drug addicts. Internalized but irrational guilt, which the authors say is
"common for adult children of a parent with BPD," is common for
thousands of others as well, most of whom are not mentally ill. A readiness to
blame others or think ill of them is true for alcoholics as well as BPD
parents. Chaos in families can be caused by several different things, not only
having a BPD parent. Projection, to some extent, is just a human problem, as it
is a primary defense mechanism that people sometimes revert to. The authors never
acknowledge any of the ways their statements apply to other conditions, which
gives readers room to make inferential leaps about BPD in their own family that
may be unwarranted.
though Surviving a Borderline Parent is a self-help book and not an academic
treatise, it could have used some rigor. "Revealing the Truth"
suggests that the reader "write a letter to your parent telling your
truth" and to "write your truth" (p. 51; emphasis added). Is
truth subjective then? It certainly sounds like it here—but if that's the case,
how can an argument be persuasively made that BPD parents have done so much
wrong? Aren't they living "their" truths as well? This theme comes up
again in a chapter on "Grieving a Lost Childhood," where authors
discuss "Telling Your Truth to Family and Friends." Readers would
have benefited from an explanation of what "your truth" means in the
context of experiences like abuse or neglect. Are there no facts of the matter
about what happens in families?
section on forgiveness is not very nuanced or sensitive to the wide range of
moral wrongs possible for people to commit. The authors say "forgiveness
does not entail expressions of remorse, regret, or contrition on the part of
the person who hurt you." This rather astounding statement goes against a
significant body of literature on forgiveness that grapples with these
questions rather than merely asserting that remorse is irrelevant to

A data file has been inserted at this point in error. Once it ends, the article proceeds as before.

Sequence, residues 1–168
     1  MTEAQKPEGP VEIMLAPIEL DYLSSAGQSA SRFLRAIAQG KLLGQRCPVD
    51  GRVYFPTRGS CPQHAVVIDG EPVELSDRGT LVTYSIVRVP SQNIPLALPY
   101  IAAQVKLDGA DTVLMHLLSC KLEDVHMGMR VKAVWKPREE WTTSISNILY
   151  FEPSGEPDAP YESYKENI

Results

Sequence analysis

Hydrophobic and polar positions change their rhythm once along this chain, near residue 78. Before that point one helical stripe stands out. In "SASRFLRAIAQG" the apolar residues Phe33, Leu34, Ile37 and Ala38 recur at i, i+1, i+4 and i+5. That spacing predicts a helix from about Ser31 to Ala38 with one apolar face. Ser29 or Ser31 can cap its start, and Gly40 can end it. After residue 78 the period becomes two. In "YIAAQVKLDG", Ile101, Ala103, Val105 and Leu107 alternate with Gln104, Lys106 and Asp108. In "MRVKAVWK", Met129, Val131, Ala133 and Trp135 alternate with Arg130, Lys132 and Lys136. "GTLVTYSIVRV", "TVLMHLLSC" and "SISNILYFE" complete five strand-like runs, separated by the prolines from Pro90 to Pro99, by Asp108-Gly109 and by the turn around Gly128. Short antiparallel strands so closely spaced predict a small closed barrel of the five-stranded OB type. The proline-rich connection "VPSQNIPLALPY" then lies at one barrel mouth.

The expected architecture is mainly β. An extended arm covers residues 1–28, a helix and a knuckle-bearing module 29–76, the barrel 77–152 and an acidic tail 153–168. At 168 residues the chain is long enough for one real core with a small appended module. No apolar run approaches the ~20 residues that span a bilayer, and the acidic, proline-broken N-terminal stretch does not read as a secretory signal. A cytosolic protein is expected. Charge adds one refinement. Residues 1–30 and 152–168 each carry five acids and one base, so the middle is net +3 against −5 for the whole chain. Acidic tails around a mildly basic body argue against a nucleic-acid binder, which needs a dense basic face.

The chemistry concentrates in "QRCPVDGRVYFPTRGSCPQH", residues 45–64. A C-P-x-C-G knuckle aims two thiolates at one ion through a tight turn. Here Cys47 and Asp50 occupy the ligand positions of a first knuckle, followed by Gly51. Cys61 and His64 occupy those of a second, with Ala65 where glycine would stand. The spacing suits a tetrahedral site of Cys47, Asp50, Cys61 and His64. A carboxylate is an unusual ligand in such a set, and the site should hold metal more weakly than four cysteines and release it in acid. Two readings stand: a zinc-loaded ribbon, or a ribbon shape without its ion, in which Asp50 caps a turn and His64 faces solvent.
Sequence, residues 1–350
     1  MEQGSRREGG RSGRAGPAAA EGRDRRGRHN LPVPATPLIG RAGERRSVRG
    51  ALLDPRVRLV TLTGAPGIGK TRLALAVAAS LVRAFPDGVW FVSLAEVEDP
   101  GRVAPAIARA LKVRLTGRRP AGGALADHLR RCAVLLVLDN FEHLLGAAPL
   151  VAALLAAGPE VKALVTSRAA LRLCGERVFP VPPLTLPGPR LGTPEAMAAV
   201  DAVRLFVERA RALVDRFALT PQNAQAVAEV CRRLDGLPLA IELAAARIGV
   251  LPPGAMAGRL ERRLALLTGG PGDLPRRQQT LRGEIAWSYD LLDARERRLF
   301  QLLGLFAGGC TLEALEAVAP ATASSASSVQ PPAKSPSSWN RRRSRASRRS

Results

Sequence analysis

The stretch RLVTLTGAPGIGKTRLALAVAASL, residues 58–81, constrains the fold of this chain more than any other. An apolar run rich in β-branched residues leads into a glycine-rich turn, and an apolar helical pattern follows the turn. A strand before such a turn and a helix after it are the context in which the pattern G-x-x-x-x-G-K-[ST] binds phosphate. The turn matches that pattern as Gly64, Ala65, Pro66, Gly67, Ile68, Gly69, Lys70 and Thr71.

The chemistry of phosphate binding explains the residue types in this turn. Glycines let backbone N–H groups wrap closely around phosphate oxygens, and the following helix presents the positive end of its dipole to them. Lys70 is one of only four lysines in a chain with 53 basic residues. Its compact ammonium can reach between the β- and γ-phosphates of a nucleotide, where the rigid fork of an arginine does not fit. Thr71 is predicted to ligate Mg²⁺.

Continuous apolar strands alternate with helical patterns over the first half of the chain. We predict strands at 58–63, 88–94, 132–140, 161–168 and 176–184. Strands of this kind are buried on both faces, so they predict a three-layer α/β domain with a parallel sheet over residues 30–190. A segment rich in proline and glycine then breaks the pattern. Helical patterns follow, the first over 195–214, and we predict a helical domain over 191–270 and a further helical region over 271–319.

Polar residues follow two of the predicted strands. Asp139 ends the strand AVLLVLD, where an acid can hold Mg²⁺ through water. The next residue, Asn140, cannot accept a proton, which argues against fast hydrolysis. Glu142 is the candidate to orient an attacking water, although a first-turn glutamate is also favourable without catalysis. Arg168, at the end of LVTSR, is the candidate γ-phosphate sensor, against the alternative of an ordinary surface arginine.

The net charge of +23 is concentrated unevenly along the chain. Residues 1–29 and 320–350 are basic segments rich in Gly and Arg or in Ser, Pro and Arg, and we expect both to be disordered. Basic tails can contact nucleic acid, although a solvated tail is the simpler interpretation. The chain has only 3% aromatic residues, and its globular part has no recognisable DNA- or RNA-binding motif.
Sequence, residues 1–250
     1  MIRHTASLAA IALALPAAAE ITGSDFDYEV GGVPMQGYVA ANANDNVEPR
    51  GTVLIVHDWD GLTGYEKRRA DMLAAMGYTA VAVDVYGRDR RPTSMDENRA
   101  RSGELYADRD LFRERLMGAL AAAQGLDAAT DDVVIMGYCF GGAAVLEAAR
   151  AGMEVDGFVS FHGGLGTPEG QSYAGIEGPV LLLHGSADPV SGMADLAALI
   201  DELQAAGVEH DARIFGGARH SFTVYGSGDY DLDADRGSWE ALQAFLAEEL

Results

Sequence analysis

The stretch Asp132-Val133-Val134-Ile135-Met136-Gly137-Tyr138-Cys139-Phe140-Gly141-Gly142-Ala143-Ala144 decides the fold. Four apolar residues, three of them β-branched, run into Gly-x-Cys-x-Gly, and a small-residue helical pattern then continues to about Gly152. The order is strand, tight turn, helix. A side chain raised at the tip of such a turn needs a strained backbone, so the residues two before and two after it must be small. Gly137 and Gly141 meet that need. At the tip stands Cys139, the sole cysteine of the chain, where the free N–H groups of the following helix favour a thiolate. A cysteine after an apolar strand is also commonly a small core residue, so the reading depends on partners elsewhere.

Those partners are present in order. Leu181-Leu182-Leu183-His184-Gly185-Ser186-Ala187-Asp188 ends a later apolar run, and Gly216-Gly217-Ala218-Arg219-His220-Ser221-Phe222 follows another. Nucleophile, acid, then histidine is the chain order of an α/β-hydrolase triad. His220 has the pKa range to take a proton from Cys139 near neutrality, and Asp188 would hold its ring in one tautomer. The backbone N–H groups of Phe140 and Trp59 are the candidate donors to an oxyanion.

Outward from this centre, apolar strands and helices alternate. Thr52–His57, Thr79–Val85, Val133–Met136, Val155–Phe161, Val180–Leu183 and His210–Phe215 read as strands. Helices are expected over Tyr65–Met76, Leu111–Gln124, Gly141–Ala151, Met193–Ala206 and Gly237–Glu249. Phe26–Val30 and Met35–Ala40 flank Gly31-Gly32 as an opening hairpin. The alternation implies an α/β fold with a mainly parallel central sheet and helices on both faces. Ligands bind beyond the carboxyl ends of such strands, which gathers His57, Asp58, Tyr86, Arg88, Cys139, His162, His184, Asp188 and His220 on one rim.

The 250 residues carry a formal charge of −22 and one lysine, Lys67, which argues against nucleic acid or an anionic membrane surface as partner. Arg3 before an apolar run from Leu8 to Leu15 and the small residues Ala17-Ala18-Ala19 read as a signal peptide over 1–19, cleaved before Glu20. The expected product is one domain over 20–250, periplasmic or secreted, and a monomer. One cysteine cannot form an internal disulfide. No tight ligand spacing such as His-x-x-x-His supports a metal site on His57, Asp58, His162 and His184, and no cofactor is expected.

concept left unexplained is central to this book, and that is the concept of
trust. If self-trust is such an important tool for healing, it deserves at
least a definition. The authors suggest that the way to learn to trust oneself
is to "follow your feelings," which amounts to saying that you learn
to trust yourself by trusting yourself. Furthermore, if one's childhood was
really as awful as the authors are trying to portray, it doesn't seem like
one's intuition would be a very firm foundation on which to rely. The authors
do suggest that readers also check things out with their friends, but doing so
will require that readers know what being trustworthy is and how to identify
trustworthy others. No discussion of this thorny problem is offered.
books exist that discuss how loved ones can cope with a mentally ill person. An
example of a family support book for a mental illness that is successful,
helpful, and specific to the illness is Mondimore's book on bipolar disorder.
Others who want to write in this genre should draw on a model like his. As I
say, there is helpful information in Surviving a Borderline Parent, but
it is misleading in so many ways that its usefulness is undermined. I fear it
will contribute to the already-much-maligned patients who are diagnosed
with BPD and will foster armchair diagnosing that undeservedly constructs
others as personality-disordered.
2004 Nancy Nyquist
Nyquist Potter is the author of How Can I Be
Trusted? A Virtue Theory of Trustworthiness (Rowman-Littlefield Press
2002) and is currently writing a book on a philosophical analysis of Borderline
Personality Disorder, to be published by Oxford University Press.
 American Psychiatric
Association. 2000. Diagnostic and Statistical Manual of Mental Disorders,
Fourth Edition, Text Revision. Washington, D.C.: American Psychiatric
 Gunderson, John. 2001. Borderline
Personality Disorder: A Clinical Guide. American Psychiatric Publishing, p.
 Millon, Theodore. Sociocultural
Conceptions of the Borderline Personality. The Psychiatric Clinics of North
America 2002; Vol 23(1): 123-136.
 Cf. Before Forgiving: Cautionary
Views of Forgiveness in Psychotherapy. Ed. Sharon Lamb and Jeffrie Murphy. Oxford: Oxford University Press, 2002.
 Mondimore, F., M.D. 1999. Bipolar
disorder: A guide for patients and families. Baltimore
and London: Johns Hopkins